70 articles France Page 2 / 7

Observations about French culture, language, and the author’s daily encounters with the galling Gallics.

Transforming Escape

Escape. I’m in a Death-Star-black reclining chair, surrounded by sharp objects, medical paraphernalia, and images of flowers and skulls. A multicoloured giantess is leaning over my naked torso, pressing her clattering needle gun against my flesh to inject me repeatedly with ink. I came here – to a half-sunken city of forbidden pleasures – entirely…

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Transforming Therapy

I have never shied away from therapy. Psychology ought to be universally available and free from stigma. While therapy requires patience, I’ve always found it valuable in helping me to make decisions, and cultivate habits, that benefit me and mine. But it also bears remembering that, like all other branches of medicine, psychology comes with…

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Transforming Homeschooling

In preparation for the final exam, let’s review: our nuclear family took flight to France for a sabbatical that was meant to last ten months – September to June, the same length as one year of public schooling.  The school calendar shaped a lot of our plans: French students get four two-week holidays, spread out…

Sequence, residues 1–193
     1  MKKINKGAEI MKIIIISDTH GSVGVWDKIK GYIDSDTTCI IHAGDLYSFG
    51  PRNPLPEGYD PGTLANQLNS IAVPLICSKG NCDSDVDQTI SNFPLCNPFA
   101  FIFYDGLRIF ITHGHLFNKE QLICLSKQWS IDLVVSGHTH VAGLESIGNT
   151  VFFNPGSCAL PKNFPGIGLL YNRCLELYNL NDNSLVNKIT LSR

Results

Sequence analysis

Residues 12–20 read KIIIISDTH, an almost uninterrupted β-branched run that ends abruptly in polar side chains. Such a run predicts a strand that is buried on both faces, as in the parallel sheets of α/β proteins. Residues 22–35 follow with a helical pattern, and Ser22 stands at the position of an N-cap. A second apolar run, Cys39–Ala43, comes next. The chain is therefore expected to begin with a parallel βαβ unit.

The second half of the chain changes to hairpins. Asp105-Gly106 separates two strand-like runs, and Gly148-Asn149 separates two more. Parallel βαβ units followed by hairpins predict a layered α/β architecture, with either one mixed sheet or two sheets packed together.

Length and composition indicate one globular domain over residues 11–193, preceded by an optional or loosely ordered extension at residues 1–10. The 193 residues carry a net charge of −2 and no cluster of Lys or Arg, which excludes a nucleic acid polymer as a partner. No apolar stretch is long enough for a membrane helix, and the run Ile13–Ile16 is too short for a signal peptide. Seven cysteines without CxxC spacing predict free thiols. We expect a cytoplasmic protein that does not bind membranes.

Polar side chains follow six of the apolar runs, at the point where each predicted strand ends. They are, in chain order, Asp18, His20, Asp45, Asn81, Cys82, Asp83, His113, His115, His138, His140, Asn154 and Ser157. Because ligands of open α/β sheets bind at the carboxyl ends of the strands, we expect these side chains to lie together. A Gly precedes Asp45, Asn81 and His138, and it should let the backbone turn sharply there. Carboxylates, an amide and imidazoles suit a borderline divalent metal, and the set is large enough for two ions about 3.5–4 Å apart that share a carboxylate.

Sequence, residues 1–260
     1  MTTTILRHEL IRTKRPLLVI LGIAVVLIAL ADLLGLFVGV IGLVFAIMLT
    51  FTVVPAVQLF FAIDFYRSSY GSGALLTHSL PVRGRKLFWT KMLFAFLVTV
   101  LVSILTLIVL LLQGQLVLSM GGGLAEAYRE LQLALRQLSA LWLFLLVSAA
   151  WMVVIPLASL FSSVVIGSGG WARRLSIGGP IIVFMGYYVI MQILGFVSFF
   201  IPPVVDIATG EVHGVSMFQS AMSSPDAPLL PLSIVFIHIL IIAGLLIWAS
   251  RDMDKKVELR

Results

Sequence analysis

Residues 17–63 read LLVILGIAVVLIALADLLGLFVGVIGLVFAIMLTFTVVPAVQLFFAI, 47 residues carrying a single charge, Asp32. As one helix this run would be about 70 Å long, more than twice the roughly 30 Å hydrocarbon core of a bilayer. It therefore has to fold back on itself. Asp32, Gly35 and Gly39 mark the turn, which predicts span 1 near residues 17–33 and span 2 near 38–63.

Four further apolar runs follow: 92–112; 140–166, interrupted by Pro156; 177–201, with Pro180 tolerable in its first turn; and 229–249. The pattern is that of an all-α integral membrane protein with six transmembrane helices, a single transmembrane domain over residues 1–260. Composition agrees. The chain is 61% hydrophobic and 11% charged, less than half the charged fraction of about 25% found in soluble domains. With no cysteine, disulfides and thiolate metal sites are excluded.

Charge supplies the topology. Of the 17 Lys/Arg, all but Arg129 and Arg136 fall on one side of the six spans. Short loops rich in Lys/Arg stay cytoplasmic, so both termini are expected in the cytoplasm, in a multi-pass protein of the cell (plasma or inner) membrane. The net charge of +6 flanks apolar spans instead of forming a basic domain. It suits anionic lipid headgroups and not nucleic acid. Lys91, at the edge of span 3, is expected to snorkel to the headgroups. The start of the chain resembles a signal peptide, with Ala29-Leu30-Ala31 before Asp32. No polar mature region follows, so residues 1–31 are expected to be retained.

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Transforming Quadrupel

Tonight, it’s Le Capsule, a 50-brilliant-beers-on-tap bar, the sort which I’ll never find back home. S gave me the evening off because I keep having miniature panic attacks, and I really ought to be soul-searching, trying to divine the root cause of my anxiety. Instead, I’m getting blitzed on Le Trappe Quadrupel, a beer so…

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Transforming Mutants

In Lille, we have The Last Bar Before the End of the World – undoubtedly a play on Douglas Adams’s The Restaurant at the End of the Universe, because everything about it screams “esoteric geek,” from the glassed-in collection of animé figurines to the cocktail names (“Sith,” “Triforce,” and of course “Pangalactic Gargleblaster”) to the…

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Transforming Maps

One of my childhood haunts was Edmonton’s Woodcroft Library, a bright, open A-frame building with a mezzanine full of kids’ books and cushions. I liked how the chapter books had icons suggesting their genres – skull for horror, spyglass for mystery, atom for sci-fi. The spines of the adults’ books were less evocative, yet somehow…

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